Monthly Metal Review
- September 2018
- August 2018
- July 2018
- June 2018
- May 2018
- April 2018
- March 2018
- February 2018
- January 2018
- December 2017
- November 2017
- October 2017
- September 2017
April ended with now predictable uncertainty in the Eurozone. Anxiety producing bumps in the road this time around include concern over the outcome of the French presidential election, The Netherlands' coalition-government collapse, Britain's double-dip recession, and caution over gasoline and Eurozone debt problems.
Notably in Spain, Standard & Poor's dropped the country’s long-term credit from A to BBB-plus. The euro shed half a cent on the news. BBB is investment-grade, but will make borrowing more expensive.
Equities bounced back toward April’s end, buoyed by a healthy global corporate earnings season and market satisfaction with quiet actions by the US Federal Reserve. Stocks remained higher in April and United States Treasury yields inched up, helped both by predictions from the Fed that the US economy will improve gradually in the coming year and a Fed promise to hold interest rates at record lows through at least 2014.
Leading commodity hedge funds were bullish on industrial metals, reportedly expecting a stronger global economy in the second half of the year to lift the likes of copper and iron ore.
China's first quarter 2012 growth data showed the economy expanded 8.1 percent from the same period last year. Much of the rest of the world would welcome growth that dynamic, but China had hoped for 8.4 percent growth. Rocketing borrowing rates have tempered 2012 growth, now targeted at 7.5 percent. With Beijing concentrating on domestic demand, China needs stunning amounts of raw material. Analysts say China is still the future for miners, especially with turn of financial liberalization.
The central bank reported that Chinese banks issued $160 billion in loans in March, well above expectations. Consumer products like appliances and cars for billions of new consumers will require metals for production.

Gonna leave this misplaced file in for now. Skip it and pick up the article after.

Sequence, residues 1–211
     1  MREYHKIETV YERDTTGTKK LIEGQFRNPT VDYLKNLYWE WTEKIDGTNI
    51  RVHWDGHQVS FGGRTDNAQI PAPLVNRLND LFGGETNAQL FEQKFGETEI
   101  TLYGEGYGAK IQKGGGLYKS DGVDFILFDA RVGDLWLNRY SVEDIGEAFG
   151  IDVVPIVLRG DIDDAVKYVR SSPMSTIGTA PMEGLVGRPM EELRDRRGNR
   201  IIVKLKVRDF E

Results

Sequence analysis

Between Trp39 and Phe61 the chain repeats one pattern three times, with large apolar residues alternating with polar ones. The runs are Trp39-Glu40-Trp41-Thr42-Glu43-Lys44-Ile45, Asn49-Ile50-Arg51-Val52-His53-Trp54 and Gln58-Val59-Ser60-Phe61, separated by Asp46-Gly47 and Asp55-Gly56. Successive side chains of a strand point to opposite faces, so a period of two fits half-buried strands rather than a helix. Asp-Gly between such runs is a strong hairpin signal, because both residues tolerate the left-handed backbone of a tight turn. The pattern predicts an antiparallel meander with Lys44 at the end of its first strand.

The LME may let traders settle contracts in Renminbi, the official Chinese currency, as China accounts for more than 40 percent of global demand for most metals and an increasing share of trading in LME futures. Settling and clearing trades can currently be done in euro, yen, or sterling. The exchange will keep its benchmark dollars but members are asked if they want the Renminbi added and sterling dropped. China's central bank let the Renminbi fluctuate more against the dollar during daily trading; as much as 1 percent against a bank-fixed benchmark. The former limit was 0.5.
In London at mid-month, crude oil fell to near $102 a barrel after negotiators said meetings over Iran's nuclear program began on a positive note, easing tensions that sent crude higher. The sides agreed to meet again May 23 in Baghdad. Concern that a military strike by Israel and the US against Iran's nuclear facilities would disrupt global crude supplies helped push crude up from $75 in October.
A display at the British Museum in London showcases stories of the 4,700 gold, silver, and bronze medals to be won this summer at the Olympic and Paralympics games. Four 400-gram gold medals designed for the 2012 games are part of the exhibition, from gold provided by Rio Tinto and crafted by the Royal Mint. The exhibit also includes shavings, ancient medallions, molds and award objects from past games.